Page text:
Written By: Glen Morgan & James Wong
Directed By: David Nutter
The X-Files is off to a stonking good start with this season 2 opening. Having seen season one of the series would obviously heighten ones enjoyment of the episode, but the episode does so much well in re-establishing the series with this episode.
Its prologue about the Voyager program serves almost as a mission statement for the show. Primarily, it establishes a real world context for the work conducted by Mulder and Scully in The X-Files division of the FBI. One of the reasons I feel the show resonated so strongly with its audience is that it provided a real world launching point for many of its stories. The episodes that worked less well were those that relied too much on the fantastic. Secondly, the Voyager program represented an attempt by humanity to reach to the stars and try to find the still-hidden truths about the Universe – a notion that reflects the very notion of what the X-Files was about.
As the plot of this episode gets underway, The X-Files has been shut down following the events of last seasons finale. Mulder is working as an Analyst on robbery cases, while Scully is at the Academy teaching pathology students. Mulder and Scully have taken to meeting covertly (Mulders choice), with Mulder still obsessing over the closure of the department. Amusingly the two FBI agents meet in the carpark of the Watergate building, which makes me wonder how many covert meetings now take place at that hotel for ironies sake.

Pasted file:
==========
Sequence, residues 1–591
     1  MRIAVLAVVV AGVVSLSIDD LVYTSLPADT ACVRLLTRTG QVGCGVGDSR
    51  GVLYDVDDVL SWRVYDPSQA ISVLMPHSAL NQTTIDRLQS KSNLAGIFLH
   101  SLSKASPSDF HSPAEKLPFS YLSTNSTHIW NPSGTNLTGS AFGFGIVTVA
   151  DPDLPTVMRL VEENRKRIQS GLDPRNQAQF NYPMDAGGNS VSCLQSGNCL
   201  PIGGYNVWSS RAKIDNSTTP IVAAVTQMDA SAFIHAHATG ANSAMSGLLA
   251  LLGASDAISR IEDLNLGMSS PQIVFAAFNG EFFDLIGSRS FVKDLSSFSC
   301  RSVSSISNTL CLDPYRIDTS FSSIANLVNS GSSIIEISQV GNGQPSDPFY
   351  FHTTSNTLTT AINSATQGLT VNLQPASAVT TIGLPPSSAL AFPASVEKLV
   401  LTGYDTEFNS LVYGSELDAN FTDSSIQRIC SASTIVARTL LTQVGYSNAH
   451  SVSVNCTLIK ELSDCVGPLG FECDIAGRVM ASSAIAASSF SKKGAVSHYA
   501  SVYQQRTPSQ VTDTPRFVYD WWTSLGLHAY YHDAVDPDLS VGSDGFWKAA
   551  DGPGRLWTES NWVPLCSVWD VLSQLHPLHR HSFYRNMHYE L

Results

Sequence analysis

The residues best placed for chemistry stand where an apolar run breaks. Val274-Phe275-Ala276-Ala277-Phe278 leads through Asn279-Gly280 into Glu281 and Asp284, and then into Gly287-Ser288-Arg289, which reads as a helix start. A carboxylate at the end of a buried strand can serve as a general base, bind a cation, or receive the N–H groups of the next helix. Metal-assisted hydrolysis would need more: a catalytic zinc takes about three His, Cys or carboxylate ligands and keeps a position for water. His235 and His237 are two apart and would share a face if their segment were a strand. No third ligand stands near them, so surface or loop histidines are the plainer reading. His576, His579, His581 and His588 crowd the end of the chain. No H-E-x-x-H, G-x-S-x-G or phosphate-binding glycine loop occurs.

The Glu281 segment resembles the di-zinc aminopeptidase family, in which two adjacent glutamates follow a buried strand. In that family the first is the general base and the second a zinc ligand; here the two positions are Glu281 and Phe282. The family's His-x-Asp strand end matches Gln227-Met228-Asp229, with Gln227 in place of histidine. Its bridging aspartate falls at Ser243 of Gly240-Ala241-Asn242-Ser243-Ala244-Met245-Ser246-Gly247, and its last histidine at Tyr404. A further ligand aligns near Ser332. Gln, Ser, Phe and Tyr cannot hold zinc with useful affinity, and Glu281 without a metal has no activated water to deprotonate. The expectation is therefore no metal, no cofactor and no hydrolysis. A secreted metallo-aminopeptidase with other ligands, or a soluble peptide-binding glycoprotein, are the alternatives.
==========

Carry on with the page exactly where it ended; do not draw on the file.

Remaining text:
Mulder is given information that a blue beret team are en route to a satellite dish in Puerto Rico where evidence exists relating to the existence of extra-terrestrials. Mulder rocks up there, has an encounter, and is then met by Scully. After an escape from the worlds worst blue beret team, Mulder and Scully return to Washington where Mulder is chewed out by FBI Asst Director Skinner for abandoning his current surveillance job. At the back of the room is the enigmatic Smoking Man, who see’s this as an opportunity to tell Mulder that he’s through. Midway through a game of cockmanship with Mulder, Skinner demands that the Smoking Man leaves the office.
In an episode in which little of note really happens, the episode offers a lot of great groundwork in re-establishing the show for both new viewers as well as season 1 viewers. We’re witness to what will be one of multiple takes on the events that surrounded the abduction of Mulders sister when they were both kids. Getting to the truth of that incident is almost like Rashomon with no two interpretations ever the same. And we also bare witness to an aspect of Mulder and Scully’s relationship that is fundamental to their dynamic as the series goes on: Even without their jobs binding them together, Mulder and Scully remain close friends.